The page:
At the event in Fairfax, each dropped a Who’s Who list of names of high profile Democrats they had worked for, with and/or supported, but it did little to show how they would vote if elected – or why that set them ahead of their opponents.
Platt has shot up to the top of the polls, garnering 20 percent of the vote, despite entering the race about two months ago. Conversely, Fairfax, who gained statewide attention while running against Herring in the 2013 Attorney General race, has campaigned for close to a year and is garnering just 11 percent. Rossi has similarly been on the campaign trail for months, and is polling at six percent.
Though her policies and experience in elected office are similar to her opponents, Platt is the only female Democratic candidate and the only one without a legal background. She also was the only candidate to mention a potential Republican opponent while speaking to Democrats on April 2.
Platt said the Commonwealth was overdue for a female Lt. Gov, and that it shouldn’t be State Sen. Jill Vogel. Platt called the Republican Lt. Gov frontrunner “Transvaginal” Jill Vogel, knocking her for her stances against abortion.
The other two candidates were also quick to show off their pro-choice and women’s rights credentials, including support for the recent Women’s March on Washington. Additionally, each one tried to one up the other with their praise for the Affordable Care Act, with Rossi calling it former president Barack Obama’s “greatest accomplishment”.
Each said they would also vote for Medicaid expansion which Virginia’s Republican-controlled General Assembly has so far opposed, though it would almost assuredly require Democratic control of the House, Governor’s mansion and a tied Senate for them to be able to do so as Lt. Gov.
In Fairfax, as they have on the campaign trail, the trio all shared their efforts to work against against Trump’s agenda. While all took shots at the president, their comments were muted compared to what Republicans have said about Herring, Obama, current Gov. Terry McAuliffe and at times, each other. Inspired by Trump’s divisive policies and massive counter protests like the Women’s March, Virginia Democrats have increasingly ascribed to campaigns centered on positive change. Though their opposite party has control of the presidency, Senate, House of Representatives and the majority of governorships, Democrats have seen a groundswell of support from self-described opposition groups as indicators their upbeat focus on progress is resonating with the masses.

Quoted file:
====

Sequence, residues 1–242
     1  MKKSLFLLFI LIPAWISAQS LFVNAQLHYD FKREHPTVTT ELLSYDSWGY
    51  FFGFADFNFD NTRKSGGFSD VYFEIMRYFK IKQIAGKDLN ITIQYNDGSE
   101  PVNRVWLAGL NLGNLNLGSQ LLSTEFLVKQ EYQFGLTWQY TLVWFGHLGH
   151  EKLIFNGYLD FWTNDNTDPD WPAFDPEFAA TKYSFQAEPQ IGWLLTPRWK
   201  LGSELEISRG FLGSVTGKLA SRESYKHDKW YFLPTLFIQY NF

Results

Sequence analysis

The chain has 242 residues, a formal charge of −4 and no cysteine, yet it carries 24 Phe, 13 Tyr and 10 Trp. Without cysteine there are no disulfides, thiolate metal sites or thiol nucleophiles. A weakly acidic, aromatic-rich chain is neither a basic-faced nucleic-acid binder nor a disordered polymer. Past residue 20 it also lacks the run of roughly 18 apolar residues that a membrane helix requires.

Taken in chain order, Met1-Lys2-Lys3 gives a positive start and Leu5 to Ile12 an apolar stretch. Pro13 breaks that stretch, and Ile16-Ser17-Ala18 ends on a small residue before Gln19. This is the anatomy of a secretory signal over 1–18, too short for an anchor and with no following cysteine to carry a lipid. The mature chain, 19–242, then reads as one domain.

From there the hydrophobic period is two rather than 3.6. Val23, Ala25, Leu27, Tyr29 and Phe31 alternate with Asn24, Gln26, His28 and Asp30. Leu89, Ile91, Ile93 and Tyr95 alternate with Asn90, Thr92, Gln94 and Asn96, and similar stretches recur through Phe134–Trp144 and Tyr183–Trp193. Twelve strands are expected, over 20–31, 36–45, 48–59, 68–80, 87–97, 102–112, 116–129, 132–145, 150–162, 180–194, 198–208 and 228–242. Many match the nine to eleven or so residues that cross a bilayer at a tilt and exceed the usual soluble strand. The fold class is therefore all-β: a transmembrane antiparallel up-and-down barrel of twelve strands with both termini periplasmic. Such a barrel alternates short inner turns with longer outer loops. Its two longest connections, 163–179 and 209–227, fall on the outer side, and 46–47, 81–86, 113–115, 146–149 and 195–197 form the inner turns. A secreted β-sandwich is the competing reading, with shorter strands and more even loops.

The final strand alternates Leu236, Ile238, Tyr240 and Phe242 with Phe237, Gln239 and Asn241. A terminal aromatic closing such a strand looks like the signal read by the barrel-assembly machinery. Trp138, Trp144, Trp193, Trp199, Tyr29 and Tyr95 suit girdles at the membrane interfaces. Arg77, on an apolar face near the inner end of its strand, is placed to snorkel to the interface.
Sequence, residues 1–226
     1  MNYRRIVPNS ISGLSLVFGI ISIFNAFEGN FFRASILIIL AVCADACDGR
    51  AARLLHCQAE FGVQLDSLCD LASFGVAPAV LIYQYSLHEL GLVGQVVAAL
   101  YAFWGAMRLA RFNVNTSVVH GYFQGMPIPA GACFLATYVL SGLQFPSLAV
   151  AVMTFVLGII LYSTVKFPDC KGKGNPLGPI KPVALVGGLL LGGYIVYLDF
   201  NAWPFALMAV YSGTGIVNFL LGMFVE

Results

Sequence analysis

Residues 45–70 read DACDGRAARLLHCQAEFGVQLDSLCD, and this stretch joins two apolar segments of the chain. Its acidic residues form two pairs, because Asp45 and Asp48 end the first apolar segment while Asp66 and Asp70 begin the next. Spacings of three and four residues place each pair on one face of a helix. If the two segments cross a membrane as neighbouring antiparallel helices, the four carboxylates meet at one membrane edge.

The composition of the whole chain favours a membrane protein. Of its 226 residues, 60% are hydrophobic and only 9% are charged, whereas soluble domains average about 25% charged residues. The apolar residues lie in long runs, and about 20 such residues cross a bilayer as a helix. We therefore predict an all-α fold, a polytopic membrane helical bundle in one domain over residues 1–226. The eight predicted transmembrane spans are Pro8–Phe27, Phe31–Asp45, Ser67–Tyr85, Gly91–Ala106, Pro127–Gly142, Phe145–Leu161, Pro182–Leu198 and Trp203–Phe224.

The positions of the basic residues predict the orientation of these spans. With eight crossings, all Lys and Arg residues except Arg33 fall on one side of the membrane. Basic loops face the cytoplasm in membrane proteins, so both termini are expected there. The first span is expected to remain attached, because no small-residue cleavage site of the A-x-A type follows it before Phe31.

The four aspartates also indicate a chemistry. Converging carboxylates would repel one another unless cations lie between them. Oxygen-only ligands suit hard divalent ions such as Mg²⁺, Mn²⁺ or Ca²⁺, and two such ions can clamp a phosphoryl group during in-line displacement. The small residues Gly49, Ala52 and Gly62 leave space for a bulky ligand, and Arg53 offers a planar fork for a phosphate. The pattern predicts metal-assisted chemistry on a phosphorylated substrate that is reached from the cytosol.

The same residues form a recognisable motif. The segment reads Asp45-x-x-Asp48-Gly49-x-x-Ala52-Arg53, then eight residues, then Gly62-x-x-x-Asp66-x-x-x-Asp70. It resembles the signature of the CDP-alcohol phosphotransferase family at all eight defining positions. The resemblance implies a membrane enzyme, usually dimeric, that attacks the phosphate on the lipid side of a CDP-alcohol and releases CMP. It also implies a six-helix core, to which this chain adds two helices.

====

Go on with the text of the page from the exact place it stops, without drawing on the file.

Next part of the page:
“We can be the match that sparks the wildfire of progressive change all across this country and all across this world,” Fairfax said.
The Lt. Gov candidates have shown similar respect toward each other. Fairfax even declined to call the other two candidates “opponents” instead saying the three were working for the same goal.
This stands in sharp contrast to the three Republican Lt. Gov candidates. The GOP has created two clear rival camps between state senators Vogel and Bryant Reeves. Vogel has tried to separate herself form Reeves, who also touts his conservative credentials, by going to his right on many issues, saying she is the most ardent supporter of gun rights and pro-life groups. Glenn Davis has in turn distanced himself from the two, saying he’s the the more moderate, reasonable alternative.
While the Republican approach may hurt party unity, it has better entrenched those candidates in the public’s mind, and polls show they have gained modest name recognition over their Democratic opponents.